Walking away from the company he started right out of high school in 1974 will be difficult, especially since David Hawkins Jr., loves working in this industry so much.
He’s not only invested over four decades at his own company – he’s put in the same time helping his area’s landscaping industry, too. He helped found the Frederick Area Landscapers and Nurserymen Association and is a member of the Maryland Green Industry Council.
But Hawkins Jr. knows he needs to set up Hawkins Landscaping so that down the line, his son, David Hawkins III, can transition to the top role seamlessly. There’s no set timeline on when Hawkins Jr. will retire or step out of the ownership role, but establishing a strong succession plan is one of the top reasons Hawkins Jr. applied for the Turnaround Tour.
“It’s kind of a sore subject. We haven’t really sat down and come up with a timeline,” Hawkins Jr. says. “That’s a big deal, and I definitely need to work on it.”
Finding ways to hand over the reigns to Hawkins III – or “D-Three,” as he jokingly calls himself – isn’t the only thing Hawkins Landscaping is looking forward to in the Turnaround Tour. The company makes roughly $2.2 million annually and employs roughly 30 full-time employees.
But one of the largest issues Hawkins Jr. says his company faces is being stagnant. Because they’ve been in operation for 45 years, it’s difficult to break out of the system of operations they’ve found successful over time.
“We’re obviously looking for guidance. Nobody has the magic bullet, but hopefully we can gain bits of information here and there,” Hawkins Jr. says. “It’s just trying to get us to the next level.”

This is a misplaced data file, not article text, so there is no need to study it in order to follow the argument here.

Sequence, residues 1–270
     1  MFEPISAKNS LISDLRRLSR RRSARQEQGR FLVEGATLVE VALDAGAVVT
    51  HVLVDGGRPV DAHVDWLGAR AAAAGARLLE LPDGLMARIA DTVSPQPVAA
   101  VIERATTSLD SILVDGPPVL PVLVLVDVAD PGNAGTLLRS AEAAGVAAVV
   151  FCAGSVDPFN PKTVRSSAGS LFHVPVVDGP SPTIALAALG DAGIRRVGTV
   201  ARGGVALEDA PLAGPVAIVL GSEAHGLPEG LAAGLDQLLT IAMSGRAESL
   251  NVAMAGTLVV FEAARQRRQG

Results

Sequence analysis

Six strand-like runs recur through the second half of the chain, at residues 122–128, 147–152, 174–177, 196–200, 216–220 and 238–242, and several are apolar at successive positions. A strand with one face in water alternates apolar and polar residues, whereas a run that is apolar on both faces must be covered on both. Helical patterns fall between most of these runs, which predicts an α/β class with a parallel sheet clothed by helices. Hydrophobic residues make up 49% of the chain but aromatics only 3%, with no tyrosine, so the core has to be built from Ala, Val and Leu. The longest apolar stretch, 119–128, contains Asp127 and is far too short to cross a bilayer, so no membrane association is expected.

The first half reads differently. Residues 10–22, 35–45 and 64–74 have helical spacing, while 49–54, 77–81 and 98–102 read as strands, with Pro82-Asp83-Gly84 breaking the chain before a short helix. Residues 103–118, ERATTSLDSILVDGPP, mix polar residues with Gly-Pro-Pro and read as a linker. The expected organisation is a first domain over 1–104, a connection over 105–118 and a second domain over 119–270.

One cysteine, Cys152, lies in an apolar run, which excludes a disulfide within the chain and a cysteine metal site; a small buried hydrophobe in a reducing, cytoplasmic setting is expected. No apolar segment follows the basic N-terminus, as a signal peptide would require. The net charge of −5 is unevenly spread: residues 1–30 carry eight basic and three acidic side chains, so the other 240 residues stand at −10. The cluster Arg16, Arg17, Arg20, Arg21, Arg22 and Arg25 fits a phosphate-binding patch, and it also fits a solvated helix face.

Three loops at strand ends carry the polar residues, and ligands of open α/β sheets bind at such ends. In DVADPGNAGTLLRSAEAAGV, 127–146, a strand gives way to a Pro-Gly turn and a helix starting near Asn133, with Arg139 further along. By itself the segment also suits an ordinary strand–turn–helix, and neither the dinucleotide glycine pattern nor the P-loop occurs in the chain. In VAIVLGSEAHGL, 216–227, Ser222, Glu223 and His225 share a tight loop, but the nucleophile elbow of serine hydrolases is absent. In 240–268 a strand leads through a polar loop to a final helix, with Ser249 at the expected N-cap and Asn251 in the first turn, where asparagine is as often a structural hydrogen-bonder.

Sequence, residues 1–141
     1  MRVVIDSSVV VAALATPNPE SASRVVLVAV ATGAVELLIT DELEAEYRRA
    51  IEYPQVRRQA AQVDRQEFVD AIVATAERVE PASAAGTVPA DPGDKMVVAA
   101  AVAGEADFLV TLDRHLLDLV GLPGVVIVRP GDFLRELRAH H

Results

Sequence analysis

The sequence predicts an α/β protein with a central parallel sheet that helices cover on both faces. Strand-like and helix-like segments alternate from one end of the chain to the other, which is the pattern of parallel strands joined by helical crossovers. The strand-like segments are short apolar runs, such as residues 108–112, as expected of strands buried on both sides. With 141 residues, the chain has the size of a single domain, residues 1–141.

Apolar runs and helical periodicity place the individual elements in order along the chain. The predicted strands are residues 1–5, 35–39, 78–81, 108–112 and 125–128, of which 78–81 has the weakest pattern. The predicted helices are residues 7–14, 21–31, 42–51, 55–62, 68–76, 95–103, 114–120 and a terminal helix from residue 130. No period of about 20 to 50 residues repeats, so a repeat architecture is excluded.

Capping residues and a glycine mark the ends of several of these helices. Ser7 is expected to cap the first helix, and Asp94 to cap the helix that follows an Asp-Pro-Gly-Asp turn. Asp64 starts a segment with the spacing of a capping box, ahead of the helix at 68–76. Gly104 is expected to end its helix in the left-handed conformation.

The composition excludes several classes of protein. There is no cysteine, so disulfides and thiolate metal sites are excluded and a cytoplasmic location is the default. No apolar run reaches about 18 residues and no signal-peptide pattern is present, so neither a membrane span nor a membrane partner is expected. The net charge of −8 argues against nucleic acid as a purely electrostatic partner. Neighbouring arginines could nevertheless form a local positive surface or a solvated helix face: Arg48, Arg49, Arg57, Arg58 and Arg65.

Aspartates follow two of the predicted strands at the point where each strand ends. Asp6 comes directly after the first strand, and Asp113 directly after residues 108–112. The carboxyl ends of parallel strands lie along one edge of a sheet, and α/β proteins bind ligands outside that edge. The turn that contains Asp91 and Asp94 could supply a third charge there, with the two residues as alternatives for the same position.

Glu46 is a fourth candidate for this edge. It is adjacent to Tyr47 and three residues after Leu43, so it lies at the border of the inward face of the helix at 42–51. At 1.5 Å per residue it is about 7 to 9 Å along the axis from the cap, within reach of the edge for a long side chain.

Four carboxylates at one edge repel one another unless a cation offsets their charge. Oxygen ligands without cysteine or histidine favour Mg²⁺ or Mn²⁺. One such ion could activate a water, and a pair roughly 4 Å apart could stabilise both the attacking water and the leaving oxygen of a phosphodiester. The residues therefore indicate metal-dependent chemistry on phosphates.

“Nobody has the magic bullet, but hopefully we can gain bits of information here and there.” David Hawkins Jr., Hawkins Landscaping
Hawkins Jr. says he wants to keep up with the rising tide of competitors in the Washington D.C. area, so staying current with the latest industry practices could help them stand out among competition.
Take finding quality labor for instance. Since the government implemented an H-2B cap, Hawkins Jr. says the company has really struggled to hire the right people. ““If guys would come, they’d come really late, so we just stopped using H-2B 10, 12 years ago,” Hawkins Jr. says. They’ve counteracted that loss in labor with a referral rewards system for their employees, where each person who brings in a laborer who stays for six months earns a $500 bonus.
“Pretty much nine out of the last 10 employees were brought in by one of our existing guys,” Hawkins III says. “If they know they’ve got to work with them, hopefully they won’t bring in somebody horrible.”
So, it’s not that the Hawkins father-son duo is not trying some new things – it’s simply that they want more guidance and more options for solutions. Technology also exemplifies this: Hawkins Jr. isn’t sure his company has adopted the best technology updates on the market, simply because Hawkins Landscaping has found a way of doing things and it’s worked well over time. But is there something more efficient? Something that could help the company better at organization?
“Because of the technology, a lot of things have changed since I started. It’s like on a weekly or daily basis almost,” Hawkins Jr. says. “(Staying stagnant is) the number one problem now. We’ve done it that way, we stay that way. Definitely, we need to make changes.”
After meeting with the Harvesters, the Hawkins tandem says the most urgent order of business appeared to be getting their company back into more maintenance work. On his Turnaround Tour application, Hawkins Jr. wrote that 65% of their work is design/build while 25% is in maintenance.
That strategy worked for some time, Hawkins III says, because there were a lot of major companies in the D.C. area who snapped up residential maintenance work for cheap and made the scene incredibly competitive. However, the Harvesters pointed out that this type of work is what keeps a steady cash flow going for the company.
The Harvesters will also help Hawkins Landscaping focus on refining their systems, including a training program that Hawkins Jr. admits doesn’t really exist. “(It’s) here’s your uniform, get started, and we put them with a seasoned foreman and put them in the field,” he says.
“Basically, I’m just trying to tighten up the things that we need, get the systems in place, and hopefully help us get a little better balance in the business,” Hawkins Jr. says. “I hope they’ll help us develop a transition plan, too.”
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